We are in Pokhara, the backpacker capital of the Nepal and the Annapurnas Circuit. Back, they stayed Kathamandu, Bakhtapur and the valley that surrounds them.
The Annapurnas creep in to the north.
For a few hours after each dawn, the still water of Lake Phewa contemplates the outsiders with the reflection of its snow-capped peaks. The sight disturbs us double but we couldn't take the Himalayas and the Annapurna Circuit lightly.
Arrived in Kathmandu, India, without clothes for the cold, we had a lot to plan, the permits needed to obtain and almost all the equipment still to be purchased.
There are so many and so similar trekking and mountaineering shops that – as happens to most outsiders – we soon found ourselves lost in the labyrinth of shop windows and interiors crammed with synthetic and colorful Made in China and Made in clothing Nepal.
Aware that we would be two weeks or more without adequate Internet, in addition to purchases, they also kept us from creating articles and other computerized tasks that, from the outset, we had to leave solved.
We spent a good deal of time in the hotel's room and on the hotel's balcony, with surgical trips to the town's commercial center to eat and stock up on the clothes and equipment on our newly created list.
Pokhara, Too much Pokhara
“You again? Still around? But after all, when does it leave?” Binsa, the easy-going and witty owner of one of the stores we returned to and return to, asks us.
Too many days passed without us being able to avoid them, almost all with meteorologies that evolved from a radiant morning sun to furious showers and thunderstorms towards the end of the afternoon and night.
We had arrived in Pokhara on a Thursday. We didn't want to let the next one beat us. Accordingly, on Wednesday night, having decided to go out to the mountain, we filled the backpacks we had also bought there with everything we were going to carry. We slept stunned by the weight of the expedition.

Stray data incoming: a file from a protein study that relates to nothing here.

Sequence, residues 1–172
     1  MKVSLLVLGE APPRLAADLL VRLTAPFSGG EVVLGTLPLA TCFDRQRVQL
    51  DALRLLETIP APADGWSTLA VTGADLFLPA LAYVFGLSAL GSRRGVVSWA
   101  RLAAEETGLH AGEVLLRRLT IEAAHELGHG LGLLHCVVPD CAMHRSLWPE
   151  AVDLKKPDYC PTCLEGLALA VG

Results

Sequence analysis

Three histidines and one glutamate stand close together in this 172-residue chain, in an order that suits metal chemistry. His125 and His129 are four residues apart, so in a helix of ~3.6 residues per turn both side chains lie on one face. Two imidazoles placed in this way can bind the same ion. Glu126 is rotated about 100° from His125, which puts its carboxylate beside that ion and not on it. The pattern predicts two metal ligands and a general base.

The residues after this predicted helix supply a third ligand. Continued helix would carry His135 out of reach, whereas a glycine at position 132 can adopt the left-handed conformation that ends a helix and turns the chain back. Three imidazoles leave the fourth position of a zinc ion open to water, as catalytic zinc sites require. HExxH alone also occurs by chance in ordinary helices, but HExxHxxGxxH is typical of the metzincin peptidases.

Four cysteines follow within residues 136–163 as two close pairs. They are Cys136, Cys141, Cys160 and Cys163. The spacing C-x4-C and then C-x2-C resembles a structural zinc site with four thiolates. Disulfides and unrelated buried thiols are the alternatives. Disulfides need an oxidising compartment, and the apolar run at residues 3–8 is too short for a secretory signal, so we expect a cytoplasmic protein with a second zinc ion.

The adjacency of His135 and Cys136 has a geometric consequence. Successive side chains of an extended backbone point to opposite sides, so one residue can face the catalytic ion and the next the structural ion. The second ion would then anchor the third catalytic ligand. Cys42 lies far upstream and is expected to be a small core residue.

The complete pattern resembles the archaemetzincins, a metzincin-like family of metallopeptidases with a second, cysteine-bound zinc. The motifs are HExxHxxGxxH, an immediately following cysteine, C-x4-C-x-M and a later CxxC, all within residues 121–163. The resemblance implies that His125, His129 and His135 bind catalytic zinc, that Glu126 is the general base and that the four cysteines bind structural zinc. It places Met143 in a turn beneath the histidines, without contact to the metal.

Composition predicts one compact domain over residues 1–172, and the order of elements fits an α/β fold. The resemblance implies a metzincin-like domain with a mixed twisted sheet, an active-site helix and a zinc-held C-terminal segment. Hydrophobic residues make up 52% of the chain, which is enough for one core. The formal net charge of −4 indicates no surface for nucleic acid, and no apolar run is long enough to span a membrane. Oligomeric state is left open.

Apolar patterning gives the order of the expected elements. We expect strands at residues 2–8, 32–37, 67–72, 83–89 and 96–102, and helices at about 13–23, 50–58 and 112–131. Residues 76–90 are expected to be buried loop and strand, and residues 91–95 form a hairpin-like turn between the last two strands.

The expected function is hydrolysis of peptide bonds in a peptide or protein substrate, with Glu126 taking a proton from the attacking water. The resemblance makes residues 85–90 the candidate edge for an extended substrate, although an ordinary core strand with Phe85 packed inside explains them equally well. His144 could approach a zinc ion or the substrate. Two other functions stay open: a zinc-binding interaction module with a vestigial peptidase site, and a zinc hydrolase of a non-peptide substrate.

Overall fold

The one with fourteen kilos that – due to the photographic material but not only – counted the backpacks, instead of the recommended eight or nine. And that of the sheer size and duration of the walk, by far the longest and most exhausting we had ever been on.
As a result of the accumulated anxiety and tiredness, we leave the hotel at lunchtime instead of the planned eight in the morning.
It wasn't until almost four in the afternoon that we found the last call of the day to Besishahar, in the company of a Nepalese emigrated to Dubai fourteen years ago, expansive and enterprising to match, who loved us and made a point of guaranteeing us two seats in the overcrowded van.
The Providential Shelter of Besishahar
We arrived in Besishahar shortly after dark. A thunderous storm descended from the mountains and seized the village. It didn't take long to unleash its fury and a frightening torrent of water on her.
We got off the van to a Gangapurna guesthouse, like the whole village, in the dark.
We left our backpacks in a claustrophobic room and went down to dinner by candlelight. By serving us thupka and the veg fried rice, the hotel owner promised us a seat in one of the jeeps that would leave early in the morning for Chame.
With no reason to extend the forced romanticism of the supper, we went upstairs and slept as much as we could.
At half past seven in the morning, the electricity was still out of town. Even so, the stores opened as if nothing had happened, and the ATM of one Siddartha Bank blessed us with 25.000 Nepalese rupees, it was still time for us to get into the jeep.
Besishahar established the limit of the road network navigable by normal vehicles.
From there, to the north and up the mountain range, only vehicles with powerful tractions managed to overcome the rough road that the authorities of the Nepal they tore off the steep, rocky slopes.